Apartheid was built on the foundation of existing segregation and racism, land dispossession and cheap, migrant labour. Many of the things we think of when we talk about Apartheid were already present before the National Party (NP) came to power in 1948. For example, black people could not vote in most of South Africa. In most industries there was already a ‘colour bar’, meaning that black job-seekers were only allowed to do the least-skilled and lowest-paying jobs. Better jobs were kept for whites. The Native Land Act of 1913 stopped blacks from buying land in most of South Africa (apart from small ‘Native Reserves’), and cities already had separate areas for different races. Passes were already used to control Africans’ movement in towns.
However, these laws were not as strong as they would become during Apartheid, and the social reality was often very different. For example, not all black city-dwellers lived in locations. There had long been areas in towns which were racially mixed, including places where black people could own land (like Sophiatown in Johannesburg and District Six in Cape Town), and places where they could rent a room or backyard shack (like the ‘slumyards’ mentioned in Chapter One). The pre-Apartheid government eventually destroyed the slumyards, but even this, together with the existing pass laws, did not stop Africans from settling in the cities. By the 1930s and 1940s some parts of segregation had begun to break down. During the years of World War Two many more black people moved to the towns and cities to fill the jobs of people who had left to fight – including jobs previously reserved for white people. At the same time industries were growing and new jobs were available. Because of the war effort the government was desperate for factory production to remain high, and so rather than have workers strike, they encouraged businesses to give in to demands for better wages. This was also helped by the increased demand for workers, which gave them more bargaining power on issues like wages. Similarly, the government did not want to stop the supply of black workers to factories by sending them to prison or forcing them to leave the cities if their passes were not in order. So they decided to stop enforcing pass laws as strictly, at least for the time being. It looked as though segregation might be coming to an end. Many people hoped that democracy and human rights, which South Africa had fought for in the Second World War, would become a reality at home.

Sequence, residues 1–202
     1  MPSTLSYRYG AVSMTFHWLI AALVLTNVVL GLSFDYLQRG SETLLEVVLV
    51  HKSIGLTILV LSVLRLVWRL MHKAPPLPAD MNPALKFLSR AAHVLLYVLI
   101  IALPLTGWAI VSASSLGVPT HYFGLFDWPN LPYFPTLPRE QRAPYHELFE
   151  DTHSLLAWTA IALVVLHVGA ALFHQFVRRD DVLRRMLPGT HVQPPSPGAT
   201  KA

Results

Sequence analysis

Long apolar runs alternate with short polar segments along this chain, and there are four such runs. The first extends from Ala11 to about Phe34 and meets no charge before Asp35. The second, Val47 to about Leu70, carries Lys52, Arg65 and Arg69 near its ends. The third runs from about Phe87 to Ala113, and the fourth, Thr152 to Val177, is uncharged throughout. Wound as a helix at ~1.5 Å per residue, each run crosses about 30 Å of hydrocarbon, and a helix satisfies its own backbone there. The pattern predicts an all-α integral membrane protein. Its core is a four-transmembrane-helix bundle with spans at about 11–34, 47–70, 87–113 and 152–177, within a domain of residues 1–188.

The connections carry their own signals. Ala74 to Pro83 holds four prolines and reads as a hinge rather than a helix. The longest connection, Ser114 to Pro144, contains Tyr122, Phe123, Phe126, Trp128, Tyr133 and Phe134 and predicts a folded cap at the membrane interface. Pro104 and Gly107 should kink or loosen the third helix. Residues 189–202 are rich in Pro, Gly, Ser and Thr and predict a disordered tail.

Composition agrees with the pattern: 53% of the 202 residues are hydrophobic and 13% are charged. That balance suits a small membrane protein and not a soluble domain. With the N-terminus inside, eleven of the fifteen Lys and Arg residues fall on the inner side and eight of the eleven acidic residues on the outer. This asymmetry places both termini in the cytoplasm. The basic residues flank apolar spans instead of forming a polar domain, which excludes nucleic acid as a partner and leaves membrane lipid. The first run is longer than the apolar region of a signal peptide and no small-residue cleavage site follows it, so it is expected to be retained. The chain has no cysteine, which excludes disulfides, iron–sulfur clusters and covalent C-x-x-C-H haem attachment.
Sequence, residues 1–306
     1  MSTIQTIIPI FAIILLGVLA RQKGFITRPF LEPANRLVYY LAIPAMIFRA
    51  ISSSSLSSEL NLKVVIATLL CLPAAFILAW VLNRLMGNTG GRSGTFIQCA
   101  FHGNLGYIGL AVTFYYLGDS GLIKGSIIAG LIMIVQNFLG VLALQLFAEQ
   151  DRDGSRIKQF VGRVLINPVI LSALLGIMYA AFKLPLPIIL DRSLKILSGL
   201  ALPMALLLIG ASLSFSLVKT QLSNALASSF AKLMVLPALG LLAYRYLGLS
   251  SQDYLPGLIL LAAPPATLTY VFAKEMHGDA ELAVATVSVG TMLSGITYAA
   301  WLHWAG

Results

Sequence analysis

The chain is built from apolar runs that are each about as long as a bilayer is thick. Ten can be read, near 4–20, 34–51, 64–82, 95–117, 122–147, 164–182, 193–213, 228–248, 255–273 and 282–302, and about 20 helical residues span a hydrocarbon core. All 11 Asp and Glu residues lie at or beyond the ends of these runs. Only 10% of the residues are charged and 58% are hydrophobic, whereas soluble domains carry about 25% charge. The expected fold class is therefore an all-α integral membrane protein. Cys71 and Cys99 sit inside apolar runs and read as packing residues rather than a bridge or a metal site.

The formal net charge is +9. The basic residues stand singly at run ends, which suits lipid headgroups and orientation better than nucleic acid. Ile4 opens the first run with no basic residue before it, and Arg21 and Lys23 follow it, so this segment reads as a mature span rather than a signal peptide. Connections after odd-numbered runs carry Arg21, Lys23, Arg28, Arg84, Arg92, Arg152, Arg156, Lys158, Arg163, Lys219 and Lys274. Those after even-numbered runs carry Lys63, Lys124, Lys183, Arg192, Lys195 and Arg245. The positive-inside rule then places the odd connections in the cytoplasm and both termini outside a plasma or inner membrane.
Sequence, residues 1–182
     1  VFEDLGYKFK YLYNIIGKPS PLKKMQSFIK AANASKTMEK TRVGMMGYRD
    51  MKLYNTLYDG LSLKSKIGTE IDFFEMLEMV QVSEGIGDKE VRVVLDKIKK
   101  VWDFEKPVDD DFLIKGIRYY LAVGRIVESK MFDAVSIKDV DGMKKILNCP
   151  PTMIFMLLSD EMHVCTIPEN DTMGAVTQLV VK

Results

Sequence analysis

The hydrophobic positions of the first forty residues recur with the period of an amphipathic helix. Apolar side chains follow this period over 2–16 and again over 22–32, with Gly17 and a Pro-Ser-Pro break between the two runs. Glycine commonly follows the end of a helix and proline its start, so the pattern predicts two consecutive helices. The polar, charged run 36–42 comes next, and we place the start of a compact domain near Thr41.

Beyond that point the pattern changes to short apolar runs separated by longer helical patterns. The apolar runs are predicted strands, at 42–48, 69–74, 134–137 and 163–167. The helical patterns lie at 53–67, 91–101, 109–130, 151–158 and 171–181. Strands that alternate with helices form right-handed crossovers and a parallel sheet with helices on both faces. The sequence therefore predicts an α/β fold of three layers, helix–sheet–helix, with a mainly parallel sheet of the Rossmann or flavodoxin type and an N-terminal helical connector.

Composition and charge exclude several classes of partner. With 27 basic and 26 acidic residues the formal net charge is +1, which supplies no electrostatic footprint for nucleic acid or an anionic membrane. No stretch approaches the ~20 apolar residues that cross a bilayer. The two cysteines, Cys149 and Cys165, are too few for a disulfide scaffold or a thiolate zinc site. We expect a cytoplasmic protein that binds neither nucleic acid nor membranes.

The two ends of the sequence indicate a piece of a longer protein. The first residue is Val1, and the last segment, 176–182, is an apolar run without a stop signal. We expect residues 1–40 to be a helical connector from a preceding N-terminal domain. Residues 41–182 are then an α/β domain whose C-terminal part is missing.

This was not to be. Many whites felt threatened by blacks taking jobs which up until that point had only been for them. Businesses, government and many ordinary white people thought that black people becoming permanently urbanised (living in the cities, rather than migrating from rural areas) and a part of the working class was a bad thing. This was partly because of racist attitudes – they did not want black and white to mix – but also because industries, like mining, wanted cheap black labour from the rural reserves to remain cheap. They also felt that the advantages black workers had gained during the war – like higher wages and some trade union organisation – needed to be wiped out. Businesses and the government were scared that if there was a black working class in the cities they would demand better pay through unions, and eventually organise united political challenges (across different ethnic and racial groups) to white rule.